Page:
Last weekend, I sat around a table of fellow volunteers with the Hawaiian Monk Seal Conservation Hui at the Kalaheo Community Center. It was our annual pupu potluck and while the winds whistled outside the cement block building in which we sat, someone suggested we share a favorite memory from our days spent seal-sitting.
One long-time volunteer recounted discovering a mere hours-old Hawaiian monk seal pup curled next to its mom and tucked under the naupaka bushes at the back of beach. Someone else witnessed a yearling swimming offshore and gasping for breath as it surfaced with fishing net wrapped around its body; eventually, the seal escaped drowning by freeing itself from the net. Another person shared her surprise in coming face to face, practically, with a seal while scuba diving.
Hawaiian monk seals love to snuggle alongside driftwood.
Hawaiian monk seals love to snuggle alongside driftwood.
Then, the conversation switched a bit to stories of seal encounters with our island’s visitors–some anecdotes silly, some quite stupid. Just the day before, a man approached a sleeping seal, sat close to it (a federal offense, by the way) and played his trumpet. He wanted to commune with the seal. The seal barked at the man, his way of saying, “You’re invading my space; get away from me.”
On another occasion, a visitor insisted on plopping his 18-month old baby on top of a seal for a cool vacation photograph. The volunteer on the scene couldn’t convince the man this was a bad idea. Sleeping seals may look sweet, but they are still wild animals. With teeth. When the volunteer pulled out his cell phone and started dialing the police, the man finally backed off.
Then, there are the questions some visitors ask. Like, does the water go all the way around the island? Are there sharks in the ocean? When do the whales come out? Where are the Hawaiians? Will the stores and restaurants accept American dollars?
Years ago, when I worked as a concierge at a condo resort, my co-workers and I heard variations of these questions all the time. We’d shake our head and turn to each other, saying, another visitor had forgotten to pack their brain. It was our inside joke. We collected each new tale like feathers we’d pull out of our hats at gatherings like the one last Saturday night. Tragically, we had no idea how right we were.
Last week, I listened to a podcast with Laurence Gonzales, author of the new book Everyday Survival: Why Smart People Do Stupid Things. He confirmed our suspicion. People really do forget to pack their brains when they go on vacation. Of course, one of the reasons we go on vacation is to give our brains a rest–to chill out, to relax, to de-stress. And, yet, according to Gonzales, it could be the death of us. In his book, he calls it a “vacation state of mind.”
He writes about mental models and behavioral scripts. In a vacation state of mind, Gonzales said in the podcast, we stop paying attention. You might say it’s like flipping on the “automatic pilot” switch. When we go into automatic mode, we don’t see what we actually see. The rules don’t apply to us. He says:
The way we frame our activities defines what we can see and what we can’t see. If you’re on vacation and pull over at a Grand Canyon overlook to take a picture, your frame of reference is, “I am on vacation taking pictures.” It is not, “I am on a 3,000 foot cliff where lots of people fall off.” Depending on the way you frame your behavior you can have very different reactions. The reason people fall off cliffs is because they are thinking in terms of the immediate activity of taking a picture versus the overall scheme of things.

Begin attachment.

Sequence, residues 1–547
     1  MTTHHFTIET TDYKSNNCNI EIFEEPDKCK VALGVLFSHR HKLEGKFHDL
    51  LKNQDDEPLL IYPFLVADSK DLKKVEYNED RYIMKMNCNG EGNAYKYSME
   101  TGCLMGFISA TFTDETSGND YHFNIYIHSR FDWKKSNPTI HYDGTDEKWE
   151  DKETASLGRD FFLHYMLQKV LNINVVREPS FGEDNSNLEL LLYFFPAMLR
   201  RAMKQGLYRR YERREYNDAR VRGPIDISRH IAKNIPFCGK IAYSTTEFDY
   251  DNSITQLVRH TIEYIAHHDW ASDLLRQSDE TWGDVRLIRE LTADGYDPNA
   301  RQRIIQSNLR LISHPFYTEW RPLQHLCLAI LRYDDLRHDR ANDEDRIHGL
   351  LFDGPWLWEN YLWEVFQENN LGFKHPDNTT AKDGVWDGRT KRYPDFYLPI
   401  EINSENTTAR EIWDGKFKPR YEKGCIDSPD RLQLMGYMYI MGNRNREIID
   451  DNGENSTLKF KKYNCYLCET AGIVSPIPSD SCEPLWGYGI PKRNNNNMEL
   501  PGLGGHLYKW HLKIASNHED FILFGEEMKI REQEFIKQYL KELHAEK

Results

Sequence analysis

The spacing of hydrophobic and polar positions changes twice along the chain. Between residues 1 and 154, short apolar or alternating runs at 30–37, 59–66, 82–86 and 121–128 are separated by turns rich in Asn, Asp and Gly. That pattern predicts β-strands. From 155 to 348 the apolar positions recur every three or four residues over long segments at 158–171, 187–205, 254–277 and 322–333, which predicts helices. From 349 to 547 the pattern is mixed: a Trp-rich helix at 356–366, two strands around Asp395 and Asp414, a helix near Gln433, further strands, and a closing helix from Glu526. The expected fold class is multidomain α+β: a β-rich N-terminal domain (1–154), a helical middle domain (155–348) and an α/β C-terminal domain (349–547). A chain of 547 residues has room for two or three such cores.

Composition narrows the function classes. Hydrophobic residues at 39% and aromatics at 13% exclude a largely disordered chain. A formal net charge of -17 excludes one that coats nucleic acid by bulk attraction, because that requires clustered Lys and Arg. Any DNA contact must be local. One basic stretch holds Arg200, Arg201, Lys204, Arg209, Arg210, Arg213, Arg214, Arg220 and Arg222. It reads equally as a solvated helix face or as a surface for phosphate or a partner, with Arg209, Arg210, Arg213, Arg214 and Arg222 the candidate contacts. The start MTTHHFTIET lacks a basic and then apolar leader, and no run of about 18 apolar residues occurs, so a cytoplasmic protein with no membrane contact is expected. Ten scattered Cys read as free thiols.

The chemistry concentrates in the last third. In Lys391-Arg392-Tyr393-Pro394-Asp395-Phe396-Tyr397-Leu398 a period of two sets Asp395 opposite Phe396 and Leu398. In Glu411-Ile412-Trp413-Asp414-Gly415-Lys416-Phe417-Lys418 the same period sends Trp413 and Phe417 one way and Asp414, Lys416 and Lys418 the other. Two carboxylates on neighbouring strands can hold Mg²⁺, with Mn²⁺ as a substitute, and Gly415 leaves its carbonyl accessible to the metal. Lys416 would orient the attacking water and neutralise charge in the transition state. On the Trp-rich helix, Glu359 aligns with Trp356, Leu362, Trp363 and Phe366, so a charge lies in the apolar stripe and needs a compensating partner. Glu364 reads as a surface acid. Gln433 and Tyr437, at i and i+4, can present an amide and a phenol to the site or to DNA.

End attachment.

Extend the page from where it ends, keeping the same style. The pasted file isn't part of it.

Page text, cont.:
Another way of saying this is you can’t see the forest for the trees. Gonzales’ point: Do not forget the forest. Gonzales also says most accidents happen on the descent.
This past Saturday afternoon, a 33-year-old female visitor drowned in the Wailua River. According to the local newspaper, she had paddled up the river and hiked to a remote waterfall. When she and her group returned to where they had tied up their kayaks, she entered the water, turned onto her back and was swept down the river to her death.
Hundreds of visitors complete this tour safely every day. In the almost 10 years I have lived on Kaua’i, I have never heard of anyone drowning on one of these river kayaking tours. In the ocean, yes–often–but not the rivers. Yet, this past Saturday was no ordinary day. We had experienced heavy rains throughout the week. When this happens, the water volume increases, turning a meandering river into a fast-running one with a strong current. Flash flooding occurs.
The day after this woman drowned, fire fighters successfully rescued a stranded couple on the same river, and a group of bystanders rescued a 26-year-old male visitor who had been swept out to sea while swimming off the beach where the Wailua River empties into the ocean.
Maybe the reason was what Gonzales’ call the vacation state of mind. Maybe it was ignorance of the dangers of heavy rains on a river. As for the story of the father who insisted on sitting his baby on the back of a seal, I think there’s something else going on, too. TV has lulled us into a false sense of safety. We get up close and personal with wild animals all the time when we tune our television sets to the National Geographic Channel, Nature on PBS and The Crocodile Hunter.
And, yet, it’s important to remember TV is not real life, even with the explosion of reality TV shows. As someone who writes about the beauty and enchantment of Hawai’i, I feel it is my responsibility to also write about the dangers–to remind you to pay attention, to remind you to remember to pack your brain when you go on vacation. Seriously.
Before heading to the beach–or up the river–educate yourself: Talk to a lifeguard, call the Ocean Safety Bureau at 808-241-4984 and visit Kauai Explorer.